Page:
Jupiter, the largest planet of the Solar System, which could have been a star, can be responsible for providing water to the Earth, according to recent research. Everything is due to its powerful gravitation. More specifically, ice-rich asteroids and planetesimals, which orbited around the gas giants, could be directed to our planet through gravitational interactions.

Undoubtedly, asteroids flying towards Earth are dangerous for any form of life. Dinosaurs know something about this. In times when Earth was a young and uninhabited planet the situation was completely different. Cosmic rocks provided the planet with priceless hydrogen, which then penetrated the crust and the Earth's mantle to bind itself to oxygen and eventually lead to the formation of water. Water that allowed life to develop, which after some time resulted in the evolution of us – humans.

Now we know that about 4.5 billion years ago, when the Sun was created, a cloud of gas and dust left over from the formation of the star formed planets. For millions of years, the cloud has been influencing the movement of emerging planets and elemental rocks. In addition, rising temperatures meant that hydrogen, which is the building element of water, was trapped in the ice in the cooler regions of the Solar System, far beyond the reach of the Earth, in the so-called "frost line". According to one of the hypotheses concerning the formation of planets, in front of the frost line the radiation of the star sweeps away a large part of the gaseous substances and in this area rocky planets are formed.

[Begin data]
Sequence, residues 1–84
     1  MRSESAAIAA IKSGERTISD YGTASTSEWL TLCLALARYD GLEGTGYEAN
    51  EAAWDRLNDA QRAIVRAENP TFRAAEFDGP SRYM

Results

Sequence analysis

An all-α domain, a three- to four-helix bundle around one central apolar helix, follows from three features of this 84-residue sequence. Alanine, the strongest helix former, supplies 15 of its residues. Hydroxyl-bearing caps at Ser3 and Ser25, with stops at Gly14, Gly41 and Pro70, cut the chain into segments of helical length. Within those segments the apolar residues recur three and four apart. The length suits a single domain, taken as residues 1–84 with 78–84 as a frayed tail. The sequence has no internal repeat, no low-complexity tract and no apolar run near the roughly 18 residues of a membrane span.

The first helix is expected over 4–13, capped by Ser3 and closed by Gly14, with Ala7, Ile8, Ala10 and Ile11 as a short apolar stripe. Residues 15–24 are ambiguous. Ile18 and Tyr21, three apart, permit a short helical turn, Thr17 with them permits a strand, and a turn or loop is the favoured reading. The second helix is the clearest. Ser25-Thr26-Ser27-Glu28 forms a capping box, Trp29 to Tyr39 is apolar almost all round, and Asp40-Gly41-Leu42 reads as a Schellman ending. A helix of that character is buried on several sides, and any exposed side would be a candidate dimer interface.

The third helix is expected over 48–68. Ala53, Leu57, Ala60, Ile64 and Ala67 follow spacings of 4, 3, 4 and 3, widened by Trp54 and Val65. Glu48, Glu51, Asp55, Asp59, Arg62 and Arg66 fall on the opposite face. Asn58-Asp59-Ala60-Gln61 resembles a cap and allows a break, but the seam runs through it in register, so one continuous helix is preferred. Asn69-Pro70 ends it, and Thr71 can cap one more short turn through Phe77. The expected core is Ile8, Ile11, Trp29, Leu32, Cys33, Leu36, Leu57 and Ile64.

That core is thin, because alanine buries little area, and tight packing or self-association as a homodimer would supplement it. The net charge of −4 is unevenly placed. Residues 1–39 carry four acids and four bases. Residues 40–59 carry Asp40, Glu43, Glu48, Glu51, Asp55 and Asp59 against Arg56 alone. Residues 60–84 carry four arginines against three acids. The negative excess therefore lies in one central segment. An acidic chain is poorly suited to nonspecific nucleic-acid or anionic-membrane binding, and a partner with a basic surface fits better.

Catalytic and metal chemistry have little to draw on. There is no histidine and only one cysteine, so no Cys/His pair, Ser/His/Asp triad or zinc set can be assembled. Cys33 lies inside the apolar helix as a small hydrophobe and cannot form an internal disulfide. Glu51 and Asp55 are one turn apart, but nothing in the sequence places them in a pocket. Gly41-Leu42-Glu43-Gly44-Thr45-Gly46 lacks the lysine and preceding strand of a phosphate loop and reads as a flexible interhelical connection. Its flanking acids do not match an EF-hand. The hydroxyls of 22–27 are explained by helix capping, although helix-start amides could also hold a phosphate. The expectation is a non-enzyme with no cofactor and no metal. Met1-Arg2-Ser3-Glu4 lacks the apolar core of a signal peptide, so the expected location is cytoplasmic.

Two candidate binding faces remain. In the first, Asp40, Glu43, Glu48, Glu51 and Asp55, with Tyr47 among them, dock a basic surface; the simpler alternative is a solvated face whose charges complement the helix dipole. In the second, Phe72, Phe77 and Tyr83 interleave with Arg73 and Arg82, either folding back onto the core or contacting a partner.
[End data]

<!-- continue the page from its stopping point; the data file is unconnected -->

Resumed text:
The models of the early Solar System developed in recent years have proved that the gas giants had come a long way before they found their way in the places we now know. The Nice model presented in 2005 assumes that the Solar System was initially much smaller. Uranus and Neptune were much closer to the Sun, and after some time the planets migrated to orbits more distant from the star. Scientists suggest that this journey led to the Great Bombarding, which took place about 600 million years after the creation of the Solar System. Thrown off balance, the rocks from far, cold corners of the system bombarded all the inner planets. It is suggested that the phenomenon, which lasted about 200 million years, is responsible for about 1700 lunar craters with diameters over 20 km.

An artistic vision of the young Solar System

However, that is not all. Saturn and Jupiter most probably went on a journey towards the inner Solar System, crossing the young asteroid belt on their way to return to its outer regions. The unbalanced asteroids often ended their journey hitting the young Earth. This model is known as the "Grand Track" and was developed in 2008.

However, scientists were unable to determine exactly how Jupiter was responsible for the formation of water on our planet. Only now has a new model been developed that provides answers to this question.

In the new model, as the gas giant grows, its growing gravity destabilizes the nearby protoplanets. In addition, the presence of the remaining nebular gas influences how the particles pass through the Solar System, sending some of them towards the internal Solar System. Some of this material was trapped in the asteroid belt, filling it with carbon-rich asteroids, the water content of which is high. Initially, carbon-rich asteroids were believed to be scattered over a region that ranged from 5 to 20 times the distance from Earth.

In short, the presence of water on Earth is a consequence of the growth of Saturn and Jupiter, as well as Neptune and Uranus, and their great gravity and migration through the Solar System, which led to bombardments and the supply of valuable elements to our planet.

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Source: smithsonianmag.com

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